A major shortcoming of Songdo and other eco-cities is that building an entire city or urban district from scratch is incredibly challenging. It requires a large chunk of empty land which is suitable for urban development and hefty upfront investment costs. Songdo’s capital cost was worth $40 billion making it one of the most expensive private developments in the world.

Additionally, the majority of the cities in the world are already built, meaning they have locked-in unsustainable infrastructure, and are unlikely to be torn down and rebuilt sustainably. Thus, it could perhaps be more beneficial to optimise existing cities by implementing sustainable elements into them rather than creating eco-cities from scratch.

Bottom line: Songdo could be the blueprint of future eco-cities; however, it is still just a pilot version. Eco-cities have considerable potential to solve urban environmental problems, but most cities – which are traditional and non-sustainably designed – will continue to operate unsustainably due to infrastructural lock-ins.

* Please help my Environmental Economics students by commenting on unclear analysis, alternative perspectives, better data sources, or maybe just saying something nice :).

The safest country in the world?

Emil writes*

The Netherlands is famed for its water management prowess. This is not for nothing, from the construction of the Afsluitdijk after the Zuiderzeevloed in 1916, to the Delta works after the Watersnoodramp in 1953, water is, and always has been, a genuine threat to livelihood in the Netherlands. Through this decorated history of water management, the Netherlands has built up a complex network of governmental institutions that divide the responsibilities of domestic water management. An important responsibility of this network is flood management. The relevant institutions use a multilayer safety framework, in which flood prevention takes priority over spatial design (tailored to flood damage curtailment) and crisis management (in case of flooding).

In 2017, the norms of flood prevention were updated through the adoption of the new Waterwet (Water Law). Flood management must now be assessed based on risk, which is defined both by the probability of a flood occurring, and the consequences that flooding entails. Based on this, the probability of flooding must be low in places where the consequences would be great in order to minimize risk. Risk is calculated per dike trajectory, of which the Netherlands has 255. (A “dike trajectory” is a set of dikes for organisational and management purposes in the larger institutional framework. A trajectory ranges from 0.2 km to 47 km in length.)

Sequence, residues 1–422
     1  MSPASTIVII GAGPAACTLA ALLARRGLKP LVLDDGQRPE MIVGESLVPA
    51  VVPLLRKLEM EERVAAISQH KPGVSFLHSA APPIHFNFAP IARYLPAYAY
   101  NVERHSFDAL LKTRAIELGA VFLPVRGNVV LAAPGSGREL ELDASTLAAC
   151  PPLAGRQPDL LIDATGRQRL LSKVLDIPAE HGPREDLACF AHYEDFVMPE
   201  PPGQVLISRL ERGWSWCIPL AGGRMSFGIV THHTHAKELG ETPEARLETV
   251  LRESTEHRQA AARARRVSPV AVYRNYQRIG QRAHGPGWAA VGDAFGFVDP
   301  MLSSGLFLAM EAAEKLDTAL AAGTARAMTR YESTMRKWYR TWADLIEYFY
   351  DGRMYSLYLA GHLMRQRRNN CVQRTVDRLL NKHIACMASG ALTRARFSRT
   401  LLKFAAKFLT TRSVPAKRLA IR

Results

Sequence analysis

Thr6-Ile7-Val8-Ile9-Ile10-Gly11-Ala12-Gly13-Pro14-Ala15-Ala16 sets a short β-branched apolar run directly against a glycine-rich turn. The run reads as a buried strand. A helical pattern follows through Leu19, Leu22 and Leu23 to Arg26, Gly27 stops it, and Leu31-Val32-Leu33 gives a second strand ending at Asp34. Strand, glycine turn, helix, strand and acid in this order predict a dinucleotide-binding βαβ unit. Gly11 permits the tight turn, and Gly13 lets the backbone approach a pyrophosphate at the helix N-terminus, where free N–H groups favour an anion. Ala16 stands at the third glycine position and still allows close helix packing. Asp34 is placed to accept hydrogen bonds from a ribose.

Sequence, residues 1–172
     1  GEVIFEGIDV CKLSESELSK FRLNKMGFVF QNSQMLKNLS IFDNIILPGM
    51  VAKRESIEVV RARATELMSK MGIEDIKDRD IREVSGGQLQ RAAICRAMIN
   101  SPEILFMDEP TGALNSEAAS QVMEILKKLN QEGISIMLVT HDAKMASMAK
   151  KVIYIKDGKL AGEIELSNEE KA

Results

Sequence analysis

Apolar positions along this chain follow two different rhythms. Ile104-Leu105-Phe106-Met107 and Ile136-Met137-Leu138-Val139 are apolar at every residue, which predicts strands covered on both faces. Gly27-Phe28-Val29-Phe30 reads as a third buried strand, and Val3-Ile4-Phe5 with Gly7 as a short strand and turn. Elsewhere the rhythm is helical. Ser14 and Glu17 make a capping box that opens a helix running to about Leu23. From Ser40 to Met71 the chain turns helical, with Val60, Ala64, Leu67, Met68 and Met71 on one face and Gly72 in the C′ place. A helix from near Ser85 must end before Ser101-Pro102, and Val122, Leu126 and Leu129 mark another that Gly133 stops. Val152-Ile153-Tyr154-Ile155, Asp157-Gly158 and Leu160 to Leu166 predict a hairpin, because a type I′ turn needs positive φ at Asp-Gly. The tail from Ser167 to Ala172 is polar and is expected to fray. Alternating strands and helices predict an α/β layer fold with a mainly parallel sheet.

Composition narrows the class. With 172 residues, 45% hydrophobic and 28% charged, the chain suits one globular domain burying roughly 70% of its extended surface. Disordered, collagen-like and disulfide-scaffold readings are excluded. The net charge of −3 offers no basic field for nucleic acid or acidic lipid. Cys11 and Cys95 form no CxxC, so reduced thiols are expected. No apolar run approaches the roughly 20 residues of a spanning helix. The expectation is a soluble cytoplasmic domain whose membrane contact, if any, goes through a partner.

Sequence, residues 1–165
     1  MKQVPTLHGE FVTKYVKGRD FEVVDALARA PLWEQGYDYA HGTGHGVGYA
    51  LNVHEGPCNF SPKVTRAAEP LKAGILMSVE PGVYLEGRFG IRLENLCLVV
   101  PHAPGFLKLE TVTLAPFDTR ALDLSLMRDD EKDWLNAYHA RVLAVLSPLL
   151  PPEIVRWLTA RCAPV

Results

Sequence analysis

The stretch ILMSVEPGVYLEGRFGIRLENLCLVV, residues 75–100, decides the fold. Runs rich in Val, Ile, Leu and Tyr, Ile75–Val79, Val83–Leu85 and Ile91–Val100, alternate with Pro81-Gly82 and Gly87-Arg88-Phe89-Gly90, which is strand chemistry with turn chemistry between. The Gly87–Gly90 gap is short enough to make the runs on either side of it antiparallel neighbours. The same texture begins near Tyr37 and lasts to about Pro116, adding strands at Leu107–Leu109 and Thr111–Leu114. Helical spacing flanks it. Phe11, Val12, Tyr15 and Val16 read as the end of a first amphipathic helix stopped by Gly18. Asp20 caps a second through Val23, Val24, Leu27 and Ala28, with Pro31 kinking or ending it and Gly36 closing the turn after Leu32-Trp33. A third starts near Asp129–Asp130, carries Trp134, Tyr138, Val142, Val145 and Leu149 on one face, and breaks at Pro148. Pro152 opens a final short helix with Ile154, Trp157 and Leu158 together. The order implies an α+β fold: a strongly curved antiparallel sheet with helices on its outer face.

The accepted probability of a flood occurring is calculated based on two different methods: Local Individual Risk (LIR) and Societal Cost Benefit Analysis (SCBA). LIR refers to the probability of death by flooding and must be ≤0.00001 death per year. Mortality is a constant between zero and one, determined on a neighborhood scale. It represents the average mortality by flooding based on historical data. The highest mortality value within an area behind a dike trajectory determines the mortality constant for the whole trajectory. The evacuation fraction is the estimated proportion of the human population behind a single dike trajectory that can be evacuated preventatively. With these equation terms, the flooding probability for a dike trajectory can be calculated as:

LIR = Flooding probability * Mortality * (1 – Evacuation fraction)

Just like LIR, the SCBA [pdf] calculates flooding probability per dike trajectory, but based on economic value. It is a very complex cost benefit analysis, but notable factors include a discount rate of 5.5% and “value of a statistical life” of € 6.7 million.

For each dike trajectory, the lowest probability calculated, by either LIR or SCBA, is used for the entire dike trajectory. Whether a dike trajectory meets the required safety norm is determined through annual inspection but can change over time. Land subsidence or sea level rise could alter the flooding probability. With the determined flooding probability, it is possible to calculate the economically optimal time to initiate flood defense construction. The flooding probability sharply decreases after the construction of new defense works, after which it increases slowly for the aforementioned reasons. The flooding probability follows a downward trend over time because of increasing population and economic value behind the dikes, which therefore increases the risk of flooding.